Pride and Prejudice
In this adaptation of Austen’s classic, the young lovers’ encounters lack frisson, but the art of capturing an entire life in a few moments is demonstrated in the supporting roles
Lorna Quinn and Sam O’Mahony in Pride and Prejudice. Photograph: Pat Redmond
Pride and Prejudice
The Gate Theatre, Dublin
Jane Austen’s bicentenary is as good a pretext as any for a revival of Pride and Prejudice. Alan Stanford’s adaptation, last seen in 2002, has been dusted down, and in Bruno Schwengl’s elegantly curved Regency setting, it looks as if it could last another 200 years.
Adapting this celebrated novel, with its brilliant ironic authorial commentary, is tricky, especially shoehorned into 2½ hours. At times this production seems more of a gallop through the plot than a fully realised dramatisation.
The essential elements are there: the five Bennet sisters in white empire-line dresses; their mother, desperate to marry them off to wealthy men; Mr Bennet, an ironic observer of the human comedy, as is his favourite daughter, Elizabeth. Among many other things, the novel charts Elizabeth’s emotional journey away from her father, and her realisation that he is not wholly admirable.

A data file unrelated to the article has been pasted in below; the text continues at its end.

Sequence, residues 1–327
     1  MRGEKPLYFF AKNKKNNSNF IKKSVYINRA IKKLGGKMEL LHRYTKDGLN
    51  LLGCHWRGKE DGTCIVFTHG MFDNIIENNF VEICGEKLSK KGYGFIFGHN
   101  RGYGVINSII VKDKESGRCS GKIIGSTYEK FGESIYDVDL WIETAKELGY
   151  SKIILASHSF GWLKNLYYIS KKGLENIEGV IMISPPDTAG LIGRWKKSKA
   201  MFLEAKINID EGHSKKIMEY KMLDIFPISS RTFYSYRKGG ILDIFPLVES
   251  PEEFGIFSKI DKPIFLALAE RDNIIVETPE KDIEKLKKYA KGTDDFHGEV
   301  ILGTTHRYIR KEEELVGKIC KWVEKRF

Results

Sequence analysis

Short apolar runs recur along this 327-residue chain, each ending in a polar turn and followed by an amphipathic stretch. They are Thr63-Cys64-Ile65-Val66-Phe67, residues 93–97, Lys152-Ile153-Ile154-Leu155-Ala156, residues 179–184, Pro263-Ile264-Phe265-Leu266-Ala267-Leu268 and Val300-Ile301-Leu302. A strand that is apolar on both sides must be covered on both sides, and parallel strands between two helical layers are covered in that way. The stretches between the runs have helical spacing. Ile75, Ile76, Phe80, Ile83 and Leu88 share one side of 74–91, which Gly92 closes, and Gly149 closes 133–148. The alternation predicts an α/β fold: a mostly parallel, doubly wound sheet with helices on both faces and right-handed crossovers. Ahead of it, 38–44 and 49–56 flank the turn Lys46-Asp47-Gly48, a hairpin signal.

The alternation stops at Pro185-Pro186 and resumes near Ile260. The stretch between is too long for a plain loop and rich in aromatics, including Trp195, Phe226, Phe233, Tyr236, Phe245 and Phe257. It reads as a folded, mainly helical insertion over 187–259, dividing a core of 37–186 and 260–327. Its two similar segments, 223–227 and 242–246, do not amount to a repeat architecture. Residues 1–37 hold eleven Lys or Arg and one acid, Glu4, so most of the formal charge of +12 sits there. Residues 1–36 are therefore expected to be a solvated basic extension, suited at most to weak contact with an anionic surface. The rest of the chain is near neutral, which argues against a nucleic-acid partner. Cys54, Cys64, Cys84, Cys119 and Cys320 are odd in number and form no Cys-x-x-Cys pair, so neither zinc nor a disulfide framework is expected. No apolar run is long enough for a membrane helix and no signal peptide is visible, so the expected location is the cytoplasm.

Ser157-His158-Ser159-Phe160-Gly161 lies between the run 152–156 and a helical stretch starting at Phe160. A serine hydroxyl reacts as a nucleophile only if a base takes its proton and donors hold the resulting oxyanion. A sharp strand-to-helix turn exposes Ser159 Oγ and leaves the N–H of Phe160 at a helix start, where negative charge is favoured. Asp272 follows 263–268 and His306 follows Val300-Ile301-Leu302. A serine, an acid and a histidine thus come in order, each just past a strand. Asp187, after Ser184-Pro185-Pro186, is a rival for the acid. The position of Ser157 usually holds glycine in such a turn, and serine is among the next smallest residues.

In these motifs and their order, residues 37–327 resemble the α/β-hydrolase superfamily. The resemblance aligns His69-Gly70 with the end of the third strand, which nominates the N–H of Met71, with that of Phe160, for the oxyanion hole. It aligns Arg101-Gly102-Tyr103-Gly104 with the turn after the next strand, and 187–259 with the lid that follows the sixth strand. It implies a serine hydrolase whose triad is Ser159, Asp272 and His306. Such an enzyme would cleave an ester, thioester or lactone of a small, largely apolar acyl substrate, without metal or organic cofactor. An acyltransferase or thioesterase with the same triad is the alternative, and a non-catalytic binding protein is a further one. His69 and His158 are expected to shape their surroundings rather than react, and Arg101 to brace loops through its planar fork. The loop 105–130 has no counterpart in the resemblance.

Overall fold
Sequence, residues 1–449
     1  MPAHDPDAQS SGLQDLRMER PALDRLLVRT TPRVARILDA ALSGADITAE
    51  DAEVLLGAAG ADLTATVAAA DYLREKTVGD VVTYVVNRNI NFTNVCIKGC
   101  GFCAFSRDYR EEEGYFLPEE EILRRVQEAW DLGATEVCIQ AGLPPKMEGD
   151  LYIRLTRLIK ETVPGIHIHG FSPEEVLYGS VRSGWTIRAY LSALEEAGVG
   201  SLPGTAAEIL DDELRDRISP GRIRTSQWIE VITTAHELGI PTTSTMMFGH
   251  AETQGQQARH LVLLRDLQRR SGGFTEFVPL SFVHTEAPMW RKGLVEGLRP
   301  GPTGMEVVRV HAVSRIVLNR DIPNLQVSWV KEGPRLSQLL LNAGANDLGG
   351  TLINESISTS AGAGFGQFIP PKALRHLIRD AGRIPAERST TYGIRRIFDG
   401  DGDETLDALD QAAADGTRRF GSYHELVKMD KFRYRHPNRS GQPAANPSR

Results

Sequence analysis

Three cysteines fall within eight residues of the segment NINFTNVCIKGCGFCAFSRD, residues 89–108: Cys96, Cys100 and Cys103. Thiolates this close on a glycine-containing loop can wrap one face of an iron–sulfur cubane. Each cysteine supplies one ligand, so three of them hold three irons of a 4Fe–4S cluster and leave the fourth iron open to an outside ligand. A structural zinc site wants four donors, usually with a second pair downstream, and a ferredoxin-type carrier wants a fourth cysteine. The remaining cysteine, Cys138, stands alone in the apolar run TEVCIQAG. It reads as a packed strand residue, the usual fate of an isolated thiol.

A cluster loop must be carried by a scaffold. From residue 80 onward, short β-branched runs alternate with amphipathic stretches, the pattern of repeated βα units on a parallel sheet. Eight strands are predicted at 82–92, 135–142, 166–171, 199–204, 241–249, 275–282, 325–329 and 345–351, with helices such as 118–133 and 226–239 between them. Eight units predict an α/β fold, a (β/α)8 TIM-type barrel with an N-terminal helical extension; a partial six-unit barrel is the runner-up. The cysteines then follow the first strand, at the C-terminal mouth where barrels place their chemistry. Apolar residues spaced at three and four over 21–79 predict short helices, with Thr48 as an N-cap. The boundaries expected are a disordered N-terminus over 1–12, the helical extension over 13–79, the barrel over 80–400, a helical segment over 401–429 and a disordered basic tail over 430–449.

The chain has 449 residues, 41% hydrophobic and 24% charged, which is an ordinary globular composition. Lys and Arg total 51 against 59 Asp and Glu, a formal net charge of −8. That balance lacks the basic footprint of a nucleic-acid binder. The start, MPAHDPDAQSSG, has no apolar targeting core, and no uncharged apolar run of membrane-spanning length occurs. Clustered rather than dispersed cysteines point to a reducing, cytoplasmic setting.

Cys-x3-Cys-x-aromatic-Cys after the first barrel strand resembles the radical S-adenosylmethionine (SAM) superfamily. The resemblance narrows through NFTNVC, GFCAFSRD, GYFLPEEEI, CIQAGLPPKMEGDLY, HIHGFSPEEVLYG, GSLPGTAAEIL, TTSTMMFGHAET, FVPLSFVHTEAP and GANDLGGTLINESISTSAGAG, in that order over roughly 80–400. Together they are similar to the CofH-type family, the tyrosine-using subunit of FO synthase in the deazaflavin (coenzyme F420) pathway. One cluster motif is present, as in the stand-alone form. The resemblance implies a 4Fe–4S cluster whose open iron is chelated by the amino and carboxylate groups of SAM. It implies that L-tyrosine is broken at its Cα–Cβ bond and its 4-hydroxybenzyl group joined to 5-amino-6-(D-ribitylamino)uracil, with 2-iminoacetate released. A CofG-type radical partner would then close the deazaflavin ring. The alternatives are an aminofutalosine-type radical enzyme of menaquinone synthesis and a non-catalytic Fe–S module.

In this production, Elizabeth, played by Lorna Quinn, is also the narrator, directly addressing the audience – at times in character, at others as Austen’s mouthpiece and scene-setter. It is a difficult combination to pull off, and not always successful here: the result is a dilution of Elizabeth’s character, even though she is the central stage presence. Neither she nor Jane, the eldest, seems sufficiently differentiated from the three giddy younger sisters, Mary, Kitty and Lydia, who are on numerous occasions the cause of their acute social embarrassment.
For Austen purists, some scenes will jar, such as Elizabeth rudely refusing to dance with Mr Darcy (Sam O’Mahony) at their first ball. Sometimes the alterations add comedy: during Elizabeth’s unscheduled visit to Darcy’s estate, he stumbles upon her as she gazes in admiration on his portrait.
While the young lovers’ encounters lack frisson, the art of capturing an entire life in a few moments is demonstrated in the supporting roles. Stephen Brennan as Mr Bennet, eyebrows raised; Mark O’Regan nicely underplaying the unctuous Mr Collins; Eleanor Methven as a clear-sighted Mrs Bennet; and Maeve Fitzgerald bringing unexpected poignancy to the role of Charlotte Lucas, steeling herself for a lifetime of teeth-gritting endurance as Mr Collins’s wife. These are subtle performances, which fill out a picture of a stratified world, where survival was about more than waving a mop-cap at a dashing millionaire. Until January 18